When you write an application and release it live suddenly you lose access to the console, break points and whatever you use during app development. If anything bad happens, you are blind. Unless you were smart before and implemented logging. Today I would like to show you a few options for gathering logs from your applications.
In the .NET world there are really three options to do your logging, but you shouldn’t use the first one ;)
This is the logging option for ‘poor people’. It is possible, but you should really try to use a proper logging library. Of course if you’re writing a one time use app, which is an exe and doesn’t do much, you don’t have to configure a proper logging framework. However, in any other case I would strongly recommend to use one of the following libraries.
Log4Net, NLog & Serilog
These are the most popular logging frameworks for .NET. They mostly differ by the way you configure them. It’s impossible to tell which or if either of them is better. I personally prefer NLog, but I recommend you check both of them out and pick the one that suits you better. The fact is, NLog seems to be getting more traction recently. One thing which makes Serilog bit different is the fact that it supports structured data in your logs. You can pass objects with your messages, which can be useful sometimes.
It doesn’t really matter which one you choose. It’s just important to use some framework, rather than just send everything to the console. A framework gives you the freedom to:
- Choose a log level. Some information is valid while you are debugging that nasty bug, but most of the time you only need information about errors. WIth a logging framework it’s easy. You just assign a log level to every message you save and in the app configuration you choose which level you want to follow.
- Choose a destination for your logs. You can write to a console, but it’s good to have the possibility to save messages to a file, database or cloud. You might want to save errors to a database, but write debug logs to a console. Whatever you need!
- Format your logs - you can add whatever you need to your logs - it can be a class name, date, username, server name etc.
When you know how you’re going to write logs, you need to decide where to store them (unless you’re doing System.Out.WriteLine, but I hope, you are not! :)).
This is the cheapest, but also the least flexible solution. It’s usually good to enable it during development or testing. It just prints out errors to the console, which is quite useful.
This is another simple, but useful target. Dump everything to a rotating file (one file per day, keeping files for the past week), so you’re able to track anything which happens when you’re not watching.
Doesn’t matter how many logs you have, you need to be able to process them. Otherwise they’re useless. It’s great to store everything in files, but if you have a web app on a dozen servers and every one of them processes hundreds of requests per second, you need something better. The natural answer is some kind of database. I have tried many solutions in the past and this combo was the best. First of all - IT’S FAST! I mean FAAAST! It’s really impressive how ElasticSearch is able to process and aggregate the data. With Kibana you can draw nice graphs, filter data, make dashboards etc. It’s also great for tracking stats, but that’s a topic for another post. If you’ve never tried it, I advise you to download ElasticSearch and Kibana, run it locally (it’s self-hosted) and have a play with it.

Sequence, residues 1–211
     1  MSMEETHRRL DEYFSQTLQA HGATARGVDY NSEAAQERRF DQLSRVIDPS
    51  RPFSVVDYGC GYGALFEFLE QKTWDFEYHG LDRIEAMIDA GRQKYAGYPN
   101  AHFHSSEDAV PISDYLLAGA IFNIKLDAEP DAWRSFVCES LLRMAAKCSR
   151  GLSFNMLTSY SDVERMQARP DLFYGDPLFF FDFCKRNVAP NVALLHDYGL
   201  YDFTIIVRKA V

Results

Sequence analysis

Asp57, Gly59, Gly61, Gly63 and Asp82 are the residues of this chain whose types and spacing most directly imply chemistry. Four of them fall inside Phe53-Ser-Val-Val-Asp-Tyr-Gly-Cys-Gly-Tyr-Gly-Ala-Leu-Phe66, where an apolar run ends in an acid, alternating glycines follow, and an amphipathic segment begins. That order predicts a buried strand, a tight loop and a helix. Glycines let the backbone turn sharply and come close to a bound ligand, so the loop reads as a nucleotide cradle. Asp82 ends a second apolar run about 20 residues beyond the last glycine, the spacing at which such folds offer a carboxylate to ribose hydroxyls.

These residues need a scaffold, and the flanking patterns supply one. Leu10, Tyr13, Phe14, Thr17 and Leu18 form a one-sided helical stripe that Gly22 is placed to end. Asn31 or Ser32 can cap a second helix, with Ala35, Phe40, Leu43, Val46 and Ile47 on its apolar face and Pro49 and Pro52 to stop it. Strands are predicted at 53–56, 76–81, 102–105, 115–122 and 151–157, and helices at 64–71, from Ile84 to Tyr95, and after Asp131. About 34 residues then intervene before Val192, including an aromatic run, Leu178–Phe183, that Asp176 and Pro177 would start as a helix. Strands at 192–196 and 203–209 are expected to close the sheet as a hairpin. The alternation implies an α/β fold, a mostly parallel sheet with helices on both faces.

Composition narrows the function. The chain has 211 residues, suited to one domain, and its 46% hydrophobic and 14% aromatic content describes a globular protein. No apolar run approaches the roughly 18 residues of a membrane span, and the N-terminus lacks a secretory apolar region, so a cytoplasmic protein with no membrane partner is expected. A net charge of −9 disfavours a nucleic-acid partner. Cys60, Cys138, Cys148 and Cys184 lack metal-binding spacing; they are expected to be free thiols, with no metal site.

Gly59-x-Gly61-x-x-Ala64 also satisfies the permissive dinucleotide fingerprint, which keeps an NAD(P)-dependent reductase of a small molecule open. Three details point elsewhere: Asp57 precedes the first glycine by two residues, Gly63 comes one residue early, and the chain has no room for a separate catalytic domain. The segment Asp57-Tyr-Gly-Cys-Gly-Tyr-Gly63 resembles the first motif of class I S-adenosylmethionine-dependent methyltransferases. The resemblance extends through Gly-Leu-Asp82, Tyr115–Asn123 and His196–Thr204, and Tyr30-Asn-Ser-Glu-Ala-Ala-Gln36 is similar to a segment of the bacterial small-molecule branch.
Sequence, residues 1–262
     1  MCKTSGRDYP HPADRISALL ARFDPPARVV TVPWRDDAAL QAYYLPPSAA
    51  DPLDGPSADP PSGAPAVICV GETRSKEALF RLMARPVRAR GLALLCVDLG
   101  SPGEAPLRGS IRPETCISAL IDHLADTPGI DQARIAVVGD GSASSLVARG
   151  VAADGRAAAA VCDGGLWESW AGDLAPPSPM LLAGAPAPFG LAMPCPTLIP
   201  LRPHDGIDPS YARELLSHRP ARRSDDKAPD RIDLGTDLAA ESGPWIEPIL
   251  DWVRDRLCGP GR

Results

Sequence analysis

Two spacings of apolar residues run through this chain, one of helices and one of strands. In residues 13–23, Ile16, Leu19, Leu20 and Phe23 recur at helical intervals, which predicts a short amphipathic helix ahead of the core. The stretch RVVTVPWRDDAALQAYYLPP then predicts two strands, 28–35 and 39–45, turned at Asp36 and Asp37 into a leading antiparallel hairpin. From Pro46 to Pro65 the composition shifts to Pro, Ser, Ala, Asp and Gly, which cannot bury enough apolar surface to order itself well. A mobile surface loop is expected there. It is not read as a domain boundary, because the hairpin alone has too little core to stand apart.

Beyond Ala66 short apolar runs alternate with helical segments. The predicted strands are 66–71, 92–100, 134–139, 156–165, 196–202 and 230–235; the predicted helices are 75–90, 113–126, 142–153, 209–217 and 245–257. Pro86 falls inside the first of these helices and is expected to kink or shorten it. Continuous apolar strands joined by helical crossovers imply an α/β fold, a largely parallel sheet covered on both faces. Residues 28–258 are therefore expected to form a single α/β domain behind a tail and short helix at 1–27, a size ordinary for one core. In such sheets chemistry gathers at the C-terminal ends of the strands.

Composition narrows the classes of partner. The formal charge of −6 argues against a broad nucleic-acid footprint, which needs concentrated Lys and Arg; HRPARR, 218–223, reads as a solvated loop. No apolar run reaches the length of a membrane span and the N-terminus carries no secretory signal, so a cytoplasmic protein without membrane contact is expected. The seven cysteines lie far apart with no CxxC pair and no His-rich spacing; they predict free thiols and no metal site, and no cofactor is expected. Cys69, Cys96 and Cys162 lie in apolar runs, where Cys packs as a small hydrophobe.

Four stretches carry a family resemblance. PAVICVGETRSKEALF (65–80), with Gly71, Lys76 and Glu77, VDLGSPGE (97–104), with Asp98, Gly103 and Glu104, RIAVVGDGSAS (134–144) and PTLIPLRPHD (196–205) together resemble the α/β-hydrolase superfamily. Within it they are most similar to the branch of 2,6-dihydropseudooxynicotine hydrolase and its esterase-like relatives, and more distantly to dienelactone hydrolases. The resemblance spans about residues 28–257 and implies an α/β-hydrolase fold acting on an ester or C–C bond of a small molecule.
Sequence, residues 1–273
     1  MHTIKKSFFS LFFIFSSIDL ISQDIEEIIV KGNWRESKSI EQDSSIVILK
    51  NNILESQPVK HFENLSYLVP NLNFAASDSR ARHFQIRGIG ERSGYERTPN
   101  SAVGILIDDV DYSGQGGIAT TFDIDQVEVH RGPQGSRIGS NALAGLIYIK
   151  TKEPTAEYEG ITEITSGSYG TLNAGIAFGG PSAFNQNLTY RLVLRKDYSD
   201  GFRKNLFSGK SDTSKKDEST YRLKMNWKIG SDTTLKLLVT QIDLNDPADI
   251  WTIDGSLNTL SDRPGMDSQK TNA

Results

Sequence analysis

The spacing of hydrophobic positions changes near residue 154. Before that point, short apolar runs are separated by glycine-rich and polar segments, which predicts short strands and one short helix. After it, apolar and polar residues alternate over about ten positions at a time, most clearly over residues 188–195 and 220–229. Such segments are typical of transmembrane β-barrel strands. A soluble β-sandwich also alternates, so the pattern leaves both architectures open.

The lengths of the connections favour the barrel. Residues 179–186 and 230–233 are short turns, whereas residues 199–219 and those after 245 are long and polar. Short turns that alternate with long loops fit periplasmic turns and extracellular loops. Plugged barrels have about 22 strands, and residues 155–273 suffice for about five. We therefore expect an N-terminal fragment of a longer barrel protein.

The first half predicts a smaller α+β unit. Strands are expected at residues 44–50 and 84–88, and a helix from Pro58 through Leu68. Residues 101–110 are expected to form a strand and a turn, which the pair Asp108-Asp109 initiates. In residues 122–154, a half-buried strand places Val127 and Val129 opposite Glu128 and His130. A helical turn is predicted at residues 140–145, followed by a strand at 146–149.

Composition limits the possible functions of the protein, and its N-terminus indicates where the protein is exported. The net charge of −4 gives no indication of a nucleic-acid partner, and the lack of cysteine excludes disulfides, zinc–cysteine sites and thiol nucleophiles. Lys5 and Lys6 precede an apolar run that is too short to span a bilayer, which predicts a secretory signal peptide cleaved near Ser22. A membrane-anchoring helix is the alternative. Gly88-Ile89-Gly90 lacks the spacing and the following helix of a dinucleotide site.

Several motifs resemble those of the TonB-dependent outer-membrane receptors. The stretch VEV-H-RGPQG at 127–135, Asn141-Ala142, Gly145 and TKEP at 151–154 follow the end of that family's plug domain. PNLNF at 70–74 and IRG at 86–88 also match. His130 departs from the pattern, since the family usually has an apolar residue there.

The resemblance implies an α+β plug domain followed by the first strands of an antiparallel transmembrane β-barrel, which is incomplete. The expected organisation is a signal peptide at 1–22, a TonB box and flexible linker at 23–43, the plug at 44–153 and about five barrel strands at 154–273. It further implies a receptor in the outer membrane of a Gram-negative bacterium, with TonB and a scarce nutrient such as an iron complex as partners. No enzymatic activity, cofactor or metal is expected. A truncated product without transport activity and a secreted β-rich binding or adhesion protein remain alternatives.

Like with everything there is a bunch of commercial solutions ready for you to use. LogEntries is one of them. It can simply be a target for all your logs (app, web,mobile, syslog…). You can use it with nearly everything. It has lots of features for searching, tagging, making reports, dashboards etc. It has a free plan, which is quite generous and a few paid options if you need more… https://logentries.com
Originally Exceptionless was built only for .NET platform, but the company has released a JS client recently and is working on other options too. This is my favourite solution for working with exceptions. It can also store your regular logs, but exceptions is where it shines. You can filter your log by any property and you can add your own properties. It’s very pleasing visually and has an API if you need to get the data, for example for your company dashboard. It’s a commercial product, but again has a free option. It’s also an open-source product, which you can host yourself! So you don’t need to worry about high costs if you have a lot of apps you want to track. I strongly urge you to try it out! https://exceptionless.com/
If you were still logging messages using System.Out.WriteLine, I hope I’ve convinced you to at least try some other options - believe me, you won’t go back :) And if you were already using some logging framework, I hope you found something new in the tools I suggested.
What logging methods do you use in your apps?